From the webpage:
This training circular provides GEOINT guidance for commanders, staffs, trainers, engineers, and military intelligence personnel at all echelons. It forms the foundation for GEOINT doctrine development. It also serves as a reference for personnel who are developing doctrine; tactics, techniques, and procedures; materiel and force structure; and institutional and unit training for intelligence operations.
1-1. Geospatial intelligence is the exploitation and analysis of imagery and geospatial information to describe, assess, and visually depict physical features and geographically referenced activities on the Earth. Geospatial intelligence consists of imagery, imagery intelligence, and geospatial information (10 USC 467).
Note. TC 2-22.7 further implements that GEOINT consists of any one or any combination of the following components: imagery, IMINT, or GI&S.
1-2. Imagery is the likeness or presentation of any natural or manmade feature or related object or activity, and the positional data acquired at the same time the likeness or representation was acquired, including: products produced by space-based national intelligence reconnaissance systems; and likenesses and presentations produced by satellites, aircraft platforms, unmanned aircraft vehicles, or other similar means (except that such term does not include handheld or clandestine photography taken by or on behalf of human intelligence collection organizations) (10 USC 467).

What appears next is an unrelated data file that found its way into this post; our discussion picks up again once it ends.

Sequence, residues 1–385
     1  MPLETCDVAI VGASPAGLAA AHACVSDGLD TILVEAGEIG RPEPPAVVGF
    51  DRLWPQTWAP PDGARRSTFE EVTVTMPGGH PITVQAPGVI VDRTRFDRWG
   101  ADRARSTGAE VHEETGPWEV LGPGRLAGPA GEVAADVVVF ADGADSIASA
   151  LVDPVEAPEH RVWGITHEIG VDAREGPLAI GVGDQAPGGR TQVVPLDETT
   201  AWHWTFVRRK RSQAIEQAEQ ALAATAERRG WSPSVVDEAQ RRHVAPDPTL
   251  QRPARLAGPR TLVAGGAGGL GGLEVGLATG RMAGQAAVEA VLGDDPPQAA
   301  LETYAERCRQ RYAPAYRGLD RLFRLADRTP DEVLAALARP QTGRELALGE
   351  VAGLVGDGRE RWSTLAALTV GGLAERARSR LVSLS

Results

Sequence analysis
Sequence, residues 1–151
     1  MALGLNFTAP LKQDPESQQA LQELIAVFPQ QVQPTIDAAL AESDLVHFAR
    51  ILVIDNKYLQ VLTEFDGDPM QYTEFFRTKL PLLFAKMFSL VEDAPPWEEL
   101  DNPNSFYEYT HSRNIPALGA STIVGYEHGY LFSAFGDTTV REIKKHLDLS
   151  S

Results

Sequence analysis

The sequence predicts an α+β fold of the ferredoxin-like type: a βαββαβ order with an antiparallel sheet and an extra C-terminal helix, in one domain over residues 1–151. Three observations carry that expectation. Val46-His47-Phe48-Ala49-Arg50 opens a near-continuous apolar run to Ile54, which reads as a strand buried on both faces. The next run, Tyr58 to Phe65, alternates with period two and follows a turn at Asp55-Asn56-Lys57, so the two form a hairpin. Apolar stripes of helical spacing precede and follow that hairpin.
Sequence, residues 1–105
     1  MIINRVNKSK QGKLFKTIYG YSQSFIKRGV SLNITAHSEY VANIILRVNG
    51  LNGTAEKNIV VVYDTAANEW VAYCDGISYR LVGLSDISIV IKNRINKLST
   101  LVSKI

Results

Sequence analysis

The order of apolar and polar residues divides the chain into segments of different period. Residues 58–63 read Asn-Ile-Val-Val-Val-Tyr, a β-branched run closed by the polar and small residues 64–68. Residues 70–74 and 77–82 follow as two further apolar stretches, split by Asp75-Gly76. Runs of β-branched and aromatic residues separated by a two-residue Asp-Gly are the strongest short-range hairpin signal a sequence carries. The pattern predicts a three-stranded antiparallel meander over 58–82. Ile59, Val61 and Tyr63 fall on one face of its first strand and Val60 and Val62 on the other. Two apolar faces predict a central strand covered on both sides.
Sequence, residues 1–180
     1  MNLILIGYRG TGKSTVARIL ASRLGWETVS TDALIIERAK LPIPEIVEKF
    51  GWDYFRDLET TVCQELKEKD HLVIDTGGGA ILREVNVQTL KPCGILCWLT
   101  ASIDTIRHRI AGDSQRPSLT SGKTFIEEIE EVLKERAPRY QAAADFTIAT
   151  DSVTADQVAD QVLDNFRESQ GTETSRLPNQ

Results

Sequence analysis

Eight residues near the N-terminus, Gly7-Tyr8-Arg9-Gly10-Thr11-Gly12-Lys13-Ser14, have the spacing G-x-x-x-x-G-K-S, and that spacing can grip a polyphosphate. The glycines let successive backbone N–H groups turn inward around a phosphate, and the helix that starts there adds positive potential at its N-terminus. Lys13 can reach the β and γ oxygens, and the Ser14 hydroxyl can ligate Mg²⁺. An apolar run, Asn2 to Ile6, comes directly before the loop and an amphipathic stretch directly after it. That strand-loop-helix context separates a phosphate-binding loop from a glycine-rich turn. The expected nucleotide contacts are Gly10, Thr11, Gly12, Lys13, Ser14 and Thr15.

1-3. Imagery intelligence is the technical, geographic, and intelligence information derived through the interpretation or analysis of imagery and collateral materials (10 USC 467).
1-4. Geospatial information and services refers to information that identifies the geographic location and characteristics of natural or constructed features and boundaries on the Earth, including: statistical data and information derived from, among other things, remote sensing, mapping, and surveying technologies; and mapping, charting, geodetic data, and related products (10 USC 467).
You may not have the large fixed-wing assets described in this handbook, the “value-added layers” are within your reach with open data.
In localized environments, your value-added layers may be more current and useful than those produced on longer time scales.
Topic maps can support geospatial collations of information along side other views of the same data.
A great opportunity to understand how a modern military force understands and uses geospatial intelligence.
Not to mention testing your ability to recreate that geospatial intelligence without dedicated tools.